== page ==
When a subcontractor employee was injured by being struck by pieces of concrete that unexpectedly shot out of a concrete pumping hose, he sued the project construction manager (CM) who had subcontracted the concrete work. Tutor Perini was serving as CM at risk and therefore subcontracted out construction work, including the concrete. Summary judgment was granted for the CM on the basis that it was immune from suit pursuant to the Pennsylvania Workers’ Compensation act because it met the five-part test used for determining that it was a “statutory employer” of the injured individual. Alexander v. Tutor Perini Corporation, et al., 2017 WL 4159338 (U.S. District Court, E.D. Pa., 2017).
The CM developed an environmental health and safety plan detailing the rules and procedures that subcontractors and their employees were expected to comply. They kept an office and trailer on the project premises to monitor the project and enforce safety procedures. CM employees maintained a constant presence on the site.
The accident occurred when a group of subcontractor employees attempted to dislodge a concrete jam inside the pumping pipes. The employees began disassembling pipes and found “frozen” or “hard” concrete in several locations. While chipping concrete out of the top of a pipe, an employee was hit from behind and injured by concrete that blasted free from another section of pipe.
The five-part test that the court applied to find immunity for the CM who had employed the subcontractor was the following:
“1) the general contractor must be under contract with an owner or one in the position of an owner;
2) the general contractor must occupy or control the premises of such owner;
3) the general contractor must enter into a subcontract;
4) the general contractor must entrust part of its regular business to such subcontractor; and
5) the injured party must be an employee of such subcontractor.”
The court stated, “A general contractor who meets the McDonald test is ‘entitled to its historic immunity as a ‘statutory employer’ from suit for common law negligence,’ even if the general contractor is not the common-law employer of the injured party.”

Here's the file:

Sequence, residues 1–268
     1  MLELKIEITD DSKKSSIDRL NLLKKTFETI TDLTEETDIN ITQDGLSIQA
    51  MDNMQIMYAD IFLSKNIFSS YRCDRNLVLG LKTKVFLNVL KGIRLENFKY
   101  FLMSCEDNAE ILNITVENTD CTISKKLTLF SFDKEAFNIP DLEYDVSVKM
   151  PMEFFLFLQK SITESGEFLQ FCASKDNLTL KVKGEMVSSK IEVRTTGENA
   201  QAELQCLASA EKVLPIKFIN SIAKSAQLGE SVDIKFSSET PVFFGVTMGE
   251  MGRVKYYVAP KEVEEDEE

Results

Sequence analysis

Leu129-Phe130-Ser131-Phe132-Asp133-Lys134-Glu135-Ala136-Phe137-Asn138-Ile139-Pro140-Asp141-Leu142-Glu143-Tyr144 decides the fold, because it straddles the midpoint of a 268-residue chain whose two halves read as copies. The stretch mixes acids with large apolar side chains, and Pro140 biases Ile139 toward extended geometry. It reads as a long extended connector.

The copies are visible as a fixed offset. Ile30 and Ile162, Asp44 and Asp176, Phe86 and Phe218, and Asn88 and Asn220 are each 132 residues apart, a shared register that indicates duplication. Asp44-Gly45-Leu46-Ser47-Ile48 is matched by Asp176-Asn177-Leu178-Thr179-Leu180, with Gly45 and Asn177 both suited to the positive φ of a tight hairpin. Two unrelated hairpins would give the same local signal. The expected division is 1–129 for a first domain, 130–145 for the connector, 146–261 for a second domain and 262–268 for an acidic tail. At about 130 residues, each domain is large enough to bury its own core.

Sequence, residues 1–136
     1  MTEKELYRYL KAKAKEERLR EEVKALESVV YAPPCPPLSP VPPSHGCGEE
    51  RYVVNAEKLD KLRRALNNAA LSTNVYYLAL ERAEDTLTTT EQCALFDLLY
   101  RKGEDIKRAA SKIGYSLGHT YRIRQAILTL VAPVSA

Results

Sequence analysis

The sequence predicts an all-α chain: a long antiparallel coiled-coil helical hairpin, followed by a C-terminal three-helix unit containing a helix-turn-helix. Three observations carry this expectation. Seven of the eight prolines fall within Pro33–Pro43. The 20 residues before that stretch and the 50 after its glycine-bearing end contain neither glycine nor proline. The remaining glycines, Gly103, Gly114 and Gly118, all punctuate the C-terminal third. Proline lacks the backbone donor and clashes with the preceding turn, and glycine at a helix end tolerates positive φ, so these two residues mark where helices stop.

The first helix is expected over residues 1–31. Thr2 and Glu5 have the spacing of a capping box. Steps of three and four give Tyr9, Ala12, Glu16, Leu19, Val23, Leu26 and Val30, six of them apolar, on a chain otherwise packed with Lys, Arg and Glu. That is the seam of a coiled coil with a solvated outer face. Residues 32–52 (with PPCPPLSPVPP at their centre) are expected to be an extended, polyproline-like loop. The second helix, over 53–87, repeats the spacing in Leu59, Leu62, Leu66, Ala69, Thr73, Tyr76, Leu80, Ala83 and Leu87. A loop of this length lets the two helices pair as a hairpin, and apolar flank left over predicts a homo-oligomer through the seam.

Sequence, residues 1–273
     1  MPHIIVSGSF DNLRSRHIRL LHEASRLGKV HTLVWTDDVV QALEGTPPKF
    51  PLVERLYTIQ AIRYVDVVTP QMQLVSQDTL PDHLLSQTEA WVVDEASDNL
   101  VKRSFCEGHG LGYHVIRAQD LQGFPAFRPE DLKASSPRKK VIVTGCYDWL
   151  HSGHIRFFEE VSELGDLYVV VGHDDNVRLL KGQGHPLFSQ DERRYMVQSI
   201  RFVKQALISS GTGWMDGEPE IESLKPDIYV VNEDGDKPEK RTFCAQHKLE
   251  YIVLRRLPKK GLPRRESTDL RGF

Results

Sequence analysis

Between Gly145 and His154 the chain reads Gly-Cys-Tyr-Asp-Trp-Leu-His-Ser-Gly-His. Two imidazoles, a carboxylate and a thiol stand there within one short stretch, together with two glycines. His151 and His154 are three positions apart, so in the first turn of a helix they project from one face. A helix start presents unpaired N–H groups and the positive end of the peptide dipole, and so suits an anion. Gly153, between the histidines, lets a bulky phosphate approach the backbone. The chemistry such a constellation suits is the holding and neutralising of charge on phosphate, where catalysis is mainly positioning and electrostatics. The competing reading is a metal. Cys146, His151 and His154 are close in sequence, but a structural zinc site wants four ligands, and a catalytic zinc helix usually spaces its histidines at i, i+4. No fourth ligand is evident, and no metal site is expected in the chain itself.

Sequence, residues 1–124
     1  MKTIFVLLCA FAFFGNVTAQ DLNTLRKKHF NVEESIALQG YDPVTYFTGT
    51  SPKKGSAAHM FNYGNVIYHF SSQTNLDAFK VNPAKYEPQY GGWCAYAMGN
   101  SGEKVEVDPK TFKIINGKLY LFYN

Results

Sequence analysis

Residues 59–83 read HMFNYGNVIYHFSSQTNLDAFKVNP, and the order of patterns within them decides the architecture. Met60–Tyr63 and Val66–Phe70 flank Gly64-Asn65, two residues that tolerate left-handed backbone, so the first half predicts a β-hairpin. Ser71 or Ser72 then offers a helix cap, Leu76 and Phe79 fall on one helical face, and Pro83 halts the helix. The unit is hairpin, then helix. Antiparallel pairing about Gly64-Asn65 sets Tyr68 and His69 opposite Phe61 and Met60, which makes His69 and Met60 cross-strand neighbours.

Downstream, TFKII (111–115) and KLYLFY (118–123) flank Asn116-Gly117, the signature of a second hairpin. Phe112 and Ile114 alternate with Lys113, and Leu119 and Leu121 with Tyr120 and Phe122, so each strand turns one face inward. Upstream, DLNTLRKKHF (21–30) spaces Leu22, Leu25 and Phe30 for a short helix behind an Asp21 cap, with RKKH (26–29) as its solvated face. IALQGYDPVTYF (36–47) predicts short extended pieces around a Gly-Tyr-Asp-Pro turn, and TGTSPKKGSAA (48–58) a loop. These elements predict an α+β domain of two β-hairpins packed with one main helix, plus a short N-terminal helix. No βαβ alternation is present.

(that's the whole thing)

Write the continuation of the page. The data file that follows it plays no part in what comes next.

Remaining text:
In attempting to avoid summary judgment based on statutory employer immunity, the injured employee argued that the concrete work that was entrusted to its employer (the subcontractor) was not part of the CM’s “regular business” under the McDonald test. In rejecting that assertion, the court quoted from other decisions that state, “the regular business requirement is satisfied ‘wherever the subcontracted work was an obligation assumed by a principle contractor under his contract with the owner.’ ” Moreover, the court found that element four of the McDonald Test does not require that the CM/general contractor be capable of carrying out that specific task itself, but only that the type of work be in the regular business of the CM.
Being satisfied that all five of the McDonald factors necessary to establish the CM’s status as a statutory employer, the court granted Tutor Perini’s motion for summary judgment.
About the author: Article written by J. Kent Holland, Jr., a construction lawyer located in Tysons Corner, Virginia, with a national practice (formerly with Wickwire Gavin, P.C. and now with Construction Risk Counsel, PLLC) representing design professionals, contractors and project owners. He is founder and president of a consulting firm, ConstructionRisk, LLC, providing consulting services to owners, design professionals, contractors and attorneys on construction projects. He is publisher of ConstructionRisk.com Report and may be reached at Kent@ConstructionRisk.com or by calling 703-623-1932. This article is published in ConstructionRisk.com Report, Vol. 20, No. 1 (Jan 2018). Copyright 2018, ConstructionRisk, LLC